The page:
Kooistra serves on the Seattle housing levy oversight committee; the state legislative committee of the Washington Low Income Housing Alliance; the community service committee of Seattle Rotary; the new market tax credit advisory committee of Global Green; and the affiliate enhancement committee of Habitat’s U.S. Council. Past service positions include: Federal Home Loan Bank advisory council; Lifecycle Building Challenge judge; Iowa Human Services coordinating board; Siouxland diaconal conference; JFA NW Iowa board of directors; and Sioux Empire homeless coalition.
Melissa Merritt understands change. In fact, she seems to thrive in it. Having worked with teams from West Africa to London, New York to Seattle, and many places in between, her vision of where an organization can go and how they can get there is invaluable to Waldron’s clients.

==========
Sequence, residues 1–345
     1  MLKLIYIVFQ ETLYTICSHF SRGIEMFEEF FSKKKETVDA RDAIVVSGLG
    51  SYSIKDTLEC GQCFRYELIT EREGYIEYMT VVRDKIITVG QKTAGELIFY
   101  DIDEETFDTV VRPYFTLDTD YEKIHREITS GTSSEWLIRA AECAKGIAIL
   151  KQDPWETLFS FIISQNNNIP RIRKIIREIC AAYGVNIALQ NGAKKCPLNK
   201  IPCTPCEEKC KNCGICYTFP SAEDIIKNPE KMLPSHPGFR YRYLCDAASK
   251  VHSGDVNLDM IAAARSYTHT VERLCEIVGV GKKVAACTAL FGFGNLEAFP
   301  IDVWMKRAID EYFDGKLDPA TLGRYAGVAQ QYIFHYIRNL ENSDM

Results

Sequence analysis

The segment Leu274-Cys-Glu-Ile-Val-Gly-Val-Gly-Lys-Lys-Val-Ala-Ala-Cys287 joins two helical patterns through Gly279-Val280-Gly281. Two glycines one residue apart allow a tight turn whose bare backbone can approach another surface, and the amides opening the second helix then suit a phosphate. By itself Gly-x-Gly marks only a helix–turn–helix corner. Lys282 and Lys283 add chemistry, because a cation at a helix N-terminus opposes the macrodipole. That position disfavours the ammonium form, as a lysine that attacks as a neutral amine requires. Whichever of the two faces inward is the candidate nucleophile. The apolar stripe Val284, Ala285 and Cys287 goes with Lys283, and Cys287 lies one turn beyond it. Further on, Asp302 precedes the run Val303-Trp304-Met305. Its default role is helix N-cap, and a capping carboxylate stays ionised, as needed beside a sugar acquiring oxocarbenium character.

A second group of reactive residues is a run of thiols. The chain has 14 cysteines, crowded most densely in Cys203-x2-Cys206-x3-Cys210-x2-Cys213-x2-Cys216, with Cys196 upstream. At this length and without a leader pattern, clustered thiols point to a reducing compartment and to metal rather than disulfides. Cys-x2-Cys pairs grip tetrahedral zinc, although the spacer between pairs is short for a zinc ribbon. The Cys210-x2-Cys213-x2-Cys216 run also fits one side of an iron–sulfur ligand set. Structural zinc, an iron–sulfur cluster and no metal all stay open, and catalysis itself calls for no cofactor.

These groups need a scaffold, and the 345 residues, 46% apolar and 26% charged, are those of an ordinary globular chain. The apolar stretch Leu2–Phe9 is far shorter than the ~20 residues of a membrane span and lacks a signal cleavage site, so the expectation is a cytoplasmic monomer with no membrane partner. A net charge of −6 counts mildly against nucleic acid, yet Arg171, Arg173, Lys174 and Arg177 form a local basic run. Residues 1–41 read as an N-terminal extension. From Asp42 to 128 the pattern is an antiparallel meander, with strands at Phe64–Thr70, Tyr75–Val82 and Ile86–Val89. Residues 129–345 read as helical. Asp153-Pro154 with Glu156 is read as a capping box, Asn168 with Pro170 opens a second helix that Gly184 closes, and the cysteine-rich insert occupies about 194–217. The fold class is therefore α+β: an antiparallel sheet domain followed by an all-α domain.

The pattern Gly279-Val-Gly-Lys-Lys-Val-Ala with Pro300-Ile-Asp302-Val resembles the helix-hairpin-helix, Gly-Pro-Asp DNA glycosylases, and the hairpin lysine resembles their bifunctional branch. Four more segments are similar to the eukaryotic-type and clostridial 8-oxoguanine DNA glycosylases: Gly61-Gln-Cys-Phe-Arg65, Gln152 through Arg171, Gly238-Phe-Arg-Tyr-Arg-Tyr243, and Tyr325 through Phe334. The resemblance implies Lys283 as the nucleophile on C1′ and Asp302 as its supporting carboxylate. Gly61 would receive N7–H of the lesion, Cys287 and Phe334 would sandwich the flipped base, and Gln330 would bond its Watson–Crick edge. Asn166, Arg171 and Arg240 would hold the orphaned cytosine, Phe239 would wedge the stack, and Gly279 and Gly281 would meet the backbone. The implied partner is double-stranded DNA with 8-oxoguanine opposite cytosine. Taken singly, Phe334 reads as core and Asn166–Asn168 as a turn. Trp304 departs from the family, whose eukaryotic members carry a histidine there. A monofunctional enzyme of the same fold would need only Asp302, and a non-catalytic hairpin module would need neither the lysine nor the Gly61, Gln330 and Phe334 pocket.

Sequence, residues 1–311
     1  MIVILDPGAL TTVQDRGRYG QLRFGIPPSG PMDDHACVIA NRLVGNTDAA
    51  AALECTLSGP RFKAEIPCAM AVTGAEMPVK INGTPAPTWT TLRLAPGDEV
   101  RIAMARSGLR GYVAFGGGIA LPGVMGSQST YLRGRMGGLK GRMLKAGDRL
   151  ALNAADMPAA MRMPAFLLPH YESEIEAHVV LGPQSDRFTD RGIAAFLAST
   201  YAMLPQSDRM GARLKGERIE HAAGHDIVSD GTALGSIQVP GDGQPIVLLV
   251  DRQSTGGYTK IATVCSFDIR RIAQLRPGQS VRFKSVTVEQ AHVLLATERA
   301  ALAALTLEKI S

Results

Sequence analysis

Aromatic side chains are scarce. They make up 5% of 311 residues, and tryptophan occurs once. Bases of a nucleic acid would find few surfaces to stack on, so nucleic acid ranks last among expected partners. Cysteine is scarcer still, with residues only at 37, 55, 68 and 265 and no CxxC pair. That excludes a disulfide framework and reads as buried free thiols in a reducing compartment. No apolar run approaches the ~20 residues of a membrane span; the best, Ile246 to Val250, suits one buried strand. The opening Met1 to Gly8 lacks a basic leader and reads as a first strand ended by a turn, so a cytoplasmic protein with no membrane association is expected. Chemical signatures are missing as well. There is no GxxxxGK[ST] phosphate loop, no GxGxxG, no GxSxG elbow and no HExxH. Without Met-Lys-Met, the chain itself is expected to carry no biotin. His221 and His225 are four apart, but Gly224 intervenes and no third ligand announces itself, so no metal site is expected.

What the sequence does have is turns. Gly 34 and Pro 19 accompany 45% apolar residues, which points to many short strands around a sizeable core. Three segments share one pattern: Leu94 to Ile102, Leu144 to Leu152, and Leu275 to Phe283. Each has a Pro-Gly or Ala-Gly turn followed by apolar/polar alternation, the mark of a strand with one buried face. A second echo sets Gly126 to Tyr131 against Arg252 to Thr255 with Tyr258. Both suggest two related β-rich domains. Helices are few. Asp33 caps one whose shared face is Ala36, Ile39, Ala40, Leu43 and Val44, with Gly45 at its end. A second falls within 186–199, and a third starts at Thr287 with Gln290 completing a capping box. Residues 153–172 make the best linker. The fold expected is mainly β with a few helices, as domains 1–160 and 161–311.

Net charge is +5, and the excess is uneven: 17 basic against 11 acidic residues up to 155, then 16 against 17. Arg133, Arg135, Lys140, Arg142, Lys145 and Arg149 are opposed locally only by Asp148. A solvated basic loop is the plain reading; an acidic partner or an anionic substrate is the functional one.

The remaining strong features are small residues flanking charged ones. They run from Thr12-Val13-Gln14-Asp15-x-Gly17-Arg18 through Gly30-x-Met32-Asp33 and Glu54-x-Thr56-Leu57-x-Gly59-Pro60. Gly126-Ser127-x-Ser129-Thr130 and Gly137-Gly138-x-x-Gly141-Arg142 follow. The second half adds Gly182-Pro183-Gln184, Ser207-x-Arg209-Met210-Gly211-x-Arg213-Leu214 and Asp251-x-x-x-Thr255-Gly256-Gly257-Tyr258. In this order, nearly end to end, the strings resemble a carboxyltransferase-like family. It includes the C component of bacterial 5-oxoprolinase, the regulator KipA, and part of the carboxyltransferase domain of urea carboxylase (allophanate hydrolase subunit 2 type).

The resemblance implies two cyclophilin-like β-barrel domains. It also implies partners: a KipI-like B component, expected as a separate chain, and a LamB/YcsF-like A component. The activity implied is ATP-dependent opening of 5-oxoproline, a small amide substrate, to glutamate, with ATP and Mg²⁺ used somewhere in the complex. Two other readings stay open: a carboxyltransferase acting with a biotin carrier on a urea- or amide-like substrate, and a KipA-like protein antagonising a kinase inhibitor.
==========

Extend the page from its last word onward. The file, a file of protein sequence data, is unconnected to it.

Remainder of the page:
Merritt joined Waldron as an executive search consultant in 2008. She assumed the Principal role in 2017 and oversees service design and delivery, client relationship management, and executive searches with key foundations, start-up social enterprises, and NGOs. As a member of the leadership team, she shapes organizational strategy and lends her expertise in international settings to ensure Waldron identifies the right leaders to authentically represent some of our largest clients.
Prior to Waldron, Merritt spent nearly 20 years living and working in London, Paris, Hong Kong, and New York. She consulted with senior international executives transitioning to the U.S. with companies such as Microsoft and Russell Investments, and she spent 10 years leading international searches at Bird & Co, an executive search firm in London. Prior to Bird & Co, Merritt worked in the private sector as an international account director at multinational ad agencies representing global brands. She began her career working in New York and West Africa as a communications manager and program officer for a small NGO. Merritt holds a BA in French and Business from the University of Colorado.